Tired to the bone

AP – Overwhelmed hospitals in the United States (US) are converting cafeterias, waiting rooms, hallways, even a parking garage into patient treatment areas. Staff members are desperately calling around to other medical centres in search of open beds. Fatigue and frustration are setting in among frontline workers.

Conditions inside hospitals are deteriorating by the day as the coronavirus rages across the US at an unrelenting pace and the confirmed death toll surpasses 250,000.

“We are depressed, disheartened and tired to the bone,” said Johnson City Medical Center Director of Critical Care Alison Johnson, adding that she drives to and from work some days in tears.

The number of people in the hospital with COVID-19 in the US has doubled in the past month and set new records every day this week. As of Tuesday, nearly 77,000 were hospitalised with the virus.

Newly confirmed infections per day in the US have exploded over 80 per cent over the past two weeks to the highest levels on record, with the daily count running at close to 160,000 on average. Cases are on the rise in all 50 states. Deaths are averaging over 1,155 per day, the highest in months.

The out-of-control surge is leading governors and mayors across the US to grudgingly issue mask mandates, limit the size of private and public gatherings ahead of Thanksgiving, ban indoor restaurant dining, close gyms or restrict the hours and capacity of eateries, stores and other businesses.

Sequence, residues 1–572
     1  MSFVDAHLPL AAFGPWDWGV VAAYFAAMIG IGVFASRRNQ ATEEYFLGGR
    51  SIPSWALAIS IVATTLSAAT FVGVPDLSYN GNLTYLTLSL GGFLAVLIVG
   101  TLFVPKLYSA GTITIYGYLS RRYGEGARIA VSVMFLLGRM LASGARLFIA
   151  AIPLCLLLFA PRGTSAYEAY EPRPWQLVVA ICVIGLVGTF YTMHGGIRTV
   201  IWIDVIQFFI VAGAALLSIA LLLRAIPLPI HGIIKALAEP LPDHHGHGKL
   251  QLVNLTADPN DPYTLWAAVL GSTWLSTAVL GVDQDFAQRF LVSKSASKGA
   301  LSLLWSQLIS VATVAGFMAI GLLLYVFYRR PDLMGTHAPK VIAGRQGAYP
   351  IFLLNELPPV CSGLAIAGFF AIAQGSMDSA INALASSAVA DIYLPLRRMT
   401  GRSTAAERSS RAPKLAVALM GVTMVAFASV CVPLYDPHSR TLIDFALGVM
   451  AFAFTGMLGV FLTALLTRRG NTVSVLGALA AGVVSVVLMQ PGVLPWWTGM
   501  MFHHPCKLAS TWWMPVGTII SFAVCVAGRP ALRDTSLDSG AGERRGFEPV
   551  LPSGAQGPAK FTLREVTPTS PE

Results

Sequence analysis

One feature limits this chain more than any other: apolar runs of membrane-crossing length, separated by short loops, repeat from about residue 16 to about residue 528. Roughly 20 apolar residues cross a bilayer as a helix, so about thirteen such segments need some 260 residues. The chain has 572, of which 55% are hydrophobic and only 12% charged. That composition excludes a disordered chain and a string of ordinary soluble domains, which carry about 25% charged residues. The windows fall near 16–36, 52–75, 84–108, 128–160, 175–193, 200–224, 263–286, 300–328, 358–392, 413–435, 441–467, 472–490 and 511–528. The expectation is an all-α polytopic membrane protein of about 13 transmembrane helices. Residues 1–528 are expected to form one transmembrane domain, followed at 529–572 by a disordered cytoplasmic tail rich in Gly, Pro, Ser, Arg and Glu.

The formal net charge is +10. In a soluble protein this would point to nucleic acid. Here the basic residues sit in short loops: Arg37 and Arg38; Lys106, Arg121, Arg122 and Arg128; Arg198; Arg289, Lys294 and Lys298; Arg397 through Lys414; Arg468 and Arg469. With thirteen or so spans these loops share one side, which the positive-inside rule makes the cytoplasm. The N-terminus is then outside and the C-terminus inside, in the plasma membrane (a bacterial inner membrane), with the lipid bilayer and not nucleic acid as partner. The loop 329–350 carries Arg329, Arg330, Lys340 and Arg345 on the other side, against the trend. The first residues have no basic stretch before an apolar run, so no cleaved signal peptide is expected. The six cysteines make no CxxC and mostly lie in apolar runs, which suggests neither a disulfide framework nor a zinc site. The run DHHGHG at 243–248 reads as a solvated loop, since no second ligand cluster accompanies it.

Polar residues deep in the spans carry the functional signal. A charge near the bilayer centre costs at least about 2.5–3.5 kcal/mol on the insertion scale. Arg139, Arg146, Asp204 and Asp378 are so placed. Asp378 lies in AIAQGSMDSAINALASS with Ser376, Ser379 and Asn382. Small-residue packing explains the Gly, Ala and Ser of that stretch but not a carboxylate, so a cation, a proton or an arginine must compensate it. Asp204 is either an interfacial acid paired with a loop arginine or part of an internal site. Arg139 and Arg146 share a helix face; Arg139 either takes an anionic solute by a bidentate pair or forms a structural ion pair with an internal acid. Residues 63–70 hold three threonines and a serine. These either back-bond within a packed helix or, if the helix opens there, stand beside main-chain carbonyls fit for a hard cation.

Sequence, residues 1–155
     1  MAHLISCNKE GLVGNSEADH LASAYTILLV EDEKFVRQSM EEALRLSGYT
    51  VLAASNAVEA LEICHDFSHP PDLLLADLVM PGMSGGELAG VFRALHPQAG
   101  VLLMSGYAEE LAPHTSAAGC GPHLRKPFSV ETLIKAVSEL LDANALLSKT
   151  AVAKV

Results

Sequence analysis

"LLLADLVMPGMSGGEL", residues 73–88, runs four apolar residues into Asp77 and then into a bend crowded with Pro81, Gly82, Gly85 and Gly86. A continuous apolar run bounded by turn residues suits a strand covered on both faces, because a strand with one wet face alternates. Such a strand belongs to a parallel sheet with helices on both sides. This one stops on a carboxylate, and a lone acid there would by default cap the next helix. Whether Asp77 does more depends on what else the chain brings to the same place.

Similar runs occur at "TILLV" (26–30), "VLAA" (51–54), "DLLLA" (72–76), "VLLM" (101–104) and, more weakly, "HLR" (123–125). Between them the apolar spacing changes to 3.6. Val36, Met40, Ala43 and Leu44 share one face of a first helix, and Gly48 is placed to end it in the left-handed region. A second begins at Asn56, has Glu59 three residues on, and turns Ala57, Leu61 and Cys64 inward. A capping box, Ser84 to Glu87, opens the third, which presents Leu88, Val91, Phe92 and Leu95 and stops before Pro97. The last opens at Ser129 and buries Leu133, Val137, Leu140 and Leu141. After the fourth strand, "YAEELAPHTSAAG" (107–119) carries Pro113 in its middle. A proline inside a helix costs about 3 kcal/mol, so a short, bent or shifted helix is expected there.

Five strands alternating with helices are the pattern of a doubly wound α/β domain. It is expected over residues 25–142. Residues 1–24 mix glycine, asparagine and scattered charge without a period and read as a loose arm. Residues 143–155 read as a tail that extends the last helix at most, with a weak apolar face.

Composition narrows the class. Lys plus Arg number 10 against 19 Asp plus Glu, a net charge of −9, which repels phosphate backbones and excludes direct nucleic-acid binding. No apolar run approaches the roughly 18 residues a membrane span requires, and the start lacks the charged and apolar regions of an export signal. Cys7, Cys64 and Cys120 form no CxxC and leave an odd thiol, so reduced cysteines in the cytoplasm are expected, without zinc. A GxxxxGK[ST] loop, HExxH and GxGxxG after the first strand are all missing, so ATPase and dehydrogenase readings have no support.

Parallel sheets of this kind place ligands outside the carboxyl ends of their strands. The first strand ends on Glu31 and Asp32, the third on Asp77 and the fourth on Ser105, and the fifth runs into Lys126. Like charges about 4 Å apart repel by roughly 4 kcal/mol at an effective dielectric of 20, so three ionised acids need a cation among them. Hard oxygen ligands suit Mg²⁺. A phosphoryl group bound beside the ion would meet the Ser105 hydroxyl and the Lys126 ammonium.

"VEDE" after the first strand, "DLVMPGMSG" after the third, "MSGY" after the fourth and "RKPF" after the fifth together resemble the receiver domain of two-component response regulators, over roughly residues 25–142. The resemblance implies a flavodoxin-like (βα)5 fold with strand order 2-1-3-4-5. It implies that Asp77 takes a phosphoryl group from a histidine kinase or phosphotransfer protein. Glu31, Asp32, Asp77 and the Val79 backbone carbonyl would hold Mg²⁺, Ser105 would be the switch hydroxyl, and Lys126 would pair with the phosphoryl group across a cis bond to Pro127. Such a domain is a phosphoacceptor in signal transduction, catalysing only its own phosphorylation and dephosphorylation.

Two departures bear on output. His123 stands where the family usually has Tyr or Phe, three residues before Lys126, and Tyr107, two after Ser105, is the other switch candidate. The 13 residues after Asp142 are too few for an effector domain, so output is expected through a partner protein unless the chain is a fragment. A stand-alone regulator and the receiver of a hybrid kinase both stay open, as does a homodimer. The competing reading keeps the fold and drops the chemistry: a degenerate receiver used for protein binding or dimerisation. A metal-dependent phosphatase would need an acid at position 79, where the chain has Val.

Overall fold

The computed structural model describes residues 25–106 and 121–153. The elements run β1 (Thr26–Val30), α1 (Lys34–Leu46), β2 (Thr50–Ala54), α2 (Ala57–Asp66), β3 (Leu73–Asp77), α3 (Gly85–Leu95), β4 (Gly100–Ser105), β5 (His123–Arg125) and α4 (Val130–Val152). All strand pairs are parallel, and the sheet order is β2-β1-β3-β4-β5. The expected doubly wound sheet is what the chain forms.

Medical staff wear protective equipment in a unit dedicated to treatment of the COVID-19 at UW Health in Madison. PHOTOS: AP
Hospital beds inside Renown Regional Medical Center’s parking garage, which has been transformed into an alternative care site for COVID-19 patients

New York City’s school system — the nation’s largest, with over one million students — suspended in-person classes on Wednesday amid a mounting infection rate, a painful setback in a corner of the country that suffered mightily in the spring but had seemingly beaten back the virus months ago.

Texas is rushing thousands of additional medical staff to overworked hospitals as the number of hospitalised COVID-19 patients state-wide accelerates toward 8,000 for the first time since a deadly summer outbreak.

In the worsening rural Panhandle, roughly half of the admitted patients in Lubbock’s two main hospitals had COVID-19, and a dozen people with the virus were waiting in the emergency room for beds to open up on Tuesday night, said Lubbock County Health Authority Dr Ron Cook.

“We’re in trouble,” Cook said.

In the Texas border city of El Paso, overwhelmed morgues have begun paying jail inmates USD2 an hour to help transport the bodies of virus victims. The crush of patients is forcing the city to send its non-COVID-19 cases to hospitals elsewhere in the state.

Over 5,400 extra medical personnel have been deployed around Texas by the state alone, said Texas Department of State Health Services spokeswoman Lara Anton.

And that does not include the help surging into Texas from the military and volunteer organisations.